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Posts Tagged ‘journalism advice’

Keija Minor, Editor-in-Chief of Brides on Her Jump From Law to Publishing

keija-minor2Keija Minor has come a long way from her initial career as a corporate lawyer. This D.C. native left the world of law around 2003 and took a major pay cut to start over again as a magazine intern. Her leap of faith paid off: she’s now the editor-in-chief of Brides.

In the latest installment of Mediabistro’s So What Do You Do?, Minor discusses her vision for Brides, being inspired by artistic director Anna Wintour and how she transitioned from law to publishing:

How did you make the move from corporate law to magazines?
There is literally a book called What Can You Do With a Law Degree? that was sticking out on a shelf at Barnes & Noble, and I was like, ‘Oh my gosh, it’s a sign!’ So I decided basically by the end of year two [of my job as a lawyer] that I needed to look for something else, and then it took a year to save a year’s worth of mortgage payments, with my theory being that I may be broke and not be able to eat, but I won’t be homeless. And I actually started taking [women's magazine] classes at Mediabistro. Once I made up my mind that that’s what I wanted to do, it was like this huge burden was lifted off my shoulders — I had five minutes of regret about two minutes after I left the firm.

To hear more from Minor, including what it’s like to be the first African American to hold a top position at Condé Nast, read: So What Do You Do, Keija Minor, Brides Editor-in-Chief?

Mediabistro Course

Social Media 201

Social Media 201Starting October 13Social Media 201 picks up where Social Media 101 leaves off, to provide you with hands-on instruction for gaining likes, followers, retweets, favorites, pins, and engagement. Social media experts will teach you how to make social media marketing work for your bottom line and achieving your business goals. Register now!

When To Decline A Job As A Freelancer

specializingSaying ‘no’ to any paying gig seems like a dumb idea, especially if you’re a strapped-for-cash freelancer. But there’s a method to this madness.

Veteran freelancers agree that in order to cultivate your career, you need to be choosy — to an extent. Obviously try not to turn down every opportunity you get. But do weed out what works and what doesn’t for your schedule and your career:

If the pay is too low, the amount of work too demanding or the subject is outside of your area of interest, don’t be afraid to say no. A former client connected me with a man who needed help getting his mystery novel published, and when I read his email it seemed that what he really needed was a literary agent. I could have given him advice, working as a sort of consultant. But he seemed a little too proud and inflexible, and I wasn’t sure I would enjoy working with someone like that. Additionally, this type of work wasn’t in line with the direction I wanted my career to follow, so I politely declined.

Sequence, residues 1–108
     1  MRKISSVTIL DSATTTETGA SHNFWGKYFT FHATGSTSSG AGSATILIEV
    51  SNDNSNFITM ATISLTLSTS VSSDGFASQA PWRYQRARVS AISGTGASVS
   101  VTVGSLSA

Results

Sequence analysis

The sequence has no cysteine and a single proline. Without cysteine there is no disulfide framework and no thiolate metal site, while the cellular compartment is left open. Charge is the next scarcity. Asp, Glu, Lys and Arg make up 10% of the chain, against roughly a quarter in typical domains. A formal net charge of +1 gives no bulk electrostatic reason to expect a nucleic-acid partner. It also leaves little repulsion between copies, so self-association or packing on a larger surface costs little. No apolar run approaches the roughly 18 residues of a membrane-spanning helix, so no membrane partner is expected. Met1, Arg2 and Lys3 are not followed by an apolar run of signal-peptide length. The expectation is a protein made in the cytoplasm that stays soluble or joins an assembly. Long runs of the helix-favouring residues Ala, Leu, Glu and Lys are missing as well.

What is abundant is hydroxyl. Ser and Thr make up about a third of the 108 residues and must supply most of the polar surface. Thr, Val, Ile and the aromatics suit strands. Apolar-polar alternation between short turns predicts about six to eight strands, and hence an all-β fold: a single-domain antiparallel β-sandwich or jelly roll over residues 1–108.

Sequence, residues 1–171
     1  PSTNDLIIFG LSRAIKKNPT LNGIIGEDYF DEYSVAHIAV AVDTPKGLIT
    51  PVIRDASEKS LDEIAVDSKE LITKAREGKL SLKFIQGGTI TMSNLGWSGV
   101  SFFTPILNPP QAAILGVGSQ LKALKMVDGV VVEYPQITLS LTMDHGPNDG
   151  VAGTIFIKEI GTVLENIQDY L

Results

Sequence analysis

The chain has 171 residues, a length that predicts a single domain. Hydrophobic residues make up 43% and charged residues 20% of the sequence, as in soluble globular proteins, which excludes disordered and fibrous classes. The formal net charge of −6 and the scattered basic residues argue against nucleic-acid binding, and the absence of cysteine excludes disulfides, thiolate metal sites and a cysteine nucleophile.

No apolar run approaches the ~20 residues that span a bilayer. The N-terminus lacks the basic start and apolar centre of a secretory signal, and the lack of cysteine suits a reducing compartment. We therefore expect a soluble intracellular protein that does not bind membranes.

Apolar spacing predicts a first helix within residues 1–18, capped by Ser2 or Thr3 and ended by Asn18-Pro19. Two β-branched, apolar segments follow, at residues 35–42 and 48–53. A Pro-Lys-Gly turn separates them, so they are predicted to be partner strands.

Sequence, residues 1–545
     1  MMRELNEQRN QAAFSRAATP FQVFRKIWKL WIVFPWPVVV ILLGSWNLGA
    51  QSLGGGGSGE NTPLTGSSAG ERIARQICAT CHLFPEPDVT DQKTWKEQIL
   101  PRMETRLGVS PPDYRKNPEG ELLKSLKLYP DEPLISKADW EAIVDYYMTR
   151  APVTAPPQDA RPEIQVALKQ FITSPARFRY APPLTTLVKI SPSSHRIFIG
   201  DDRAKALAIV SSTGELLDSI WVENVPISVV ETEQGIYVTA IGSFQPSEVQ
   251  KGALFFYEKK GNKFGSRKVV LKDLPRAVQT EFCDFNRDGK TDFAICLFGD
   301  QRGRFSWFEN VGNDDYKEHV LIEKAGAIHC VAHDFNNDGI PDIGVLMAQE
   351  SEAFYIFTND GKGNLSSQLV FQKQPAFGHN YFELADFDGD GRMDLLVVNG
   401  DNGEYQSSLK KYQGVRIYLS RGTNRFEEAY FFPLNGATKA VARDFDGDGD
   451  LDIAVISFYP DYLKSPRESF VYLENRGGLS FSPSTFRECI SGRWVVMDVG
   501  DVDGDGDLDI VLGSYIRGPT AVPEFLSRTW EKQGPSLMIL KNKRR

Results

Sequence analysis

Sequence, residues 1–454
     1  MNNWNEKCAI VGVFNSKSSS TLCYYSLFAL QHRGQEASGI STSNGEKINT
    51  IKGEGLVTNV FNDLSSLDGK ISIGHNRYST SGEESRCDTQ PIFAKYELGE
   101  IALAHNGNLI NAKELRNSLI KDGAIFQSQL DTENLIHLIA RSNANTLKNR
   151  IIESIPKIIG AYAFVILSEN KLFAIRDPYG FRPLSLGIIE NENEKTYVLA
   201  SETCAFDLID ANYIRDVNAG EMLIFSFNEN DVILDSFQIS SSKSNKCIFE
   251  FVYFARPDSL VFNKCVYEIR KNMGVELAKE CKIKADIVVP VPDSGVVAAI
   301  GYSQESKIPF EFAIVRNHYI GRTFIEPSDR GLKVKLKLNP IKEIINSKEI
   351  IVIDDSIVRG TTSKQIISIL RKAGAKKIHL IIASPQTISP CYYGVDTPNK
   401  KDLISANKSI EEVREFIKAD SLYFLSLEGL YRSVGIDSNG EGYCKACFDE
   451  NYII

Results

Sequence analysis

To hear more tips on how to enhance your writing career by narrowing your focus, read: Growing Your Writing Career By Becoming A Specialist.

The full version of this article is exclusively available to Mediabistro AvantGuild subscribers. If you’re not a member yet, register now for as little as $55 a year for access to hundreds of articles like this one, discounts on Mediabistro seminars and workshops, and all sorts of other bonuses.

Freelancers: When Should You Leave A Client?

LifeAsAFreelancer

Becoming a freelancer after working full time at a more traditional job can be a daunting transition. You are suddenly forced to be your own boss, create your own schedule and hunt for clients yourself.

Although there are plenty of benefits to becoming a freelancer, one of the major downfalls is the lack of financial stability. And nowadays, there seems to be a constant battle between what you should be paid and what you’re actually getting:

The “I can get it cheaper mindset” seems more prevalent since the Internet boom. Clients see numerous listings for blog posts at “5 cents a word” or “$6 a page” or “$10 an hour.” So often they don’t realize how unrealistic these rates are once issues like research, interviews, deadlines — plus overall skill — are factored in. Graphic designer Lucy A. Clark feels you have to hold your ground. “Unless you can educate [potential clients] about what’s really involved, walk away,” she said.

To get more tips on freelancing, read: Pros and Cons of Life as a Freelancer.

– Aneya Fernando

The full version of this article is exclusively available to Mediabistro AvantGuild subscribers. If you’re not a member yet, register now for as little as $55 a year for access to hundreds of articles like this one, discounts on Mediabistro seminars and workshops, and all sorts of other bonuses.

Your Guide to Publishing Personal Essays

CraftPersonalEssays

Personal essay writing is all the rage right now. Every major publication online seems to have a “Life” or “Relationships” section. Some sites are entirely dedicated to narrative, first person stories (I’m looking at you, xoJane.com).

Writing about your own experiences can be a valuable exercise in turning observations into something meaningful. But everyone knows that sharing anything personal (let alone controversial) on the Internet can result in some ugly feedback:

If you publish your essay online, especially in a vociferous blogging community, be prepared for anything. I have been called irresponsible, a bully, mean-spirited, lazy and more. I have also been praised for my candor, my writing style and my sense of humor. Any time you publish your work, you open yourself up to criticism, but with the personal essay, criticism can cut deeper because it’s in response to your personal life. Learning how to cope with negative feedback is a constant practice, says Carinn Jade, blogger at Welcome To Motherhood. “I think 97 percent of my comments have been negative. If I’ve written a piece that’s a real trigger for me, I’ll really try not to read the comments.”

To get more tips on writing a great personal essay, read: You Life in 1,000 Words: The Craft Of Personal Essays.

– Aneya Fernando

The full version of this article is exclusively available to Mediabistro AvantGuild subscribers. If you’re not a member yet, register now for as little as $55 a year for access to hundreds of articles like this one, discounts on Mediabistro seminars and workshops, and all sorts of other bonuses.

How to Rebound After Your Story Has Been Rejected

KilledStory

Whether it’s in your love life or your work life, being told ‘no’ can sting. When an editor rejects your writing, it can feel like a personal attack — but it’s usually not.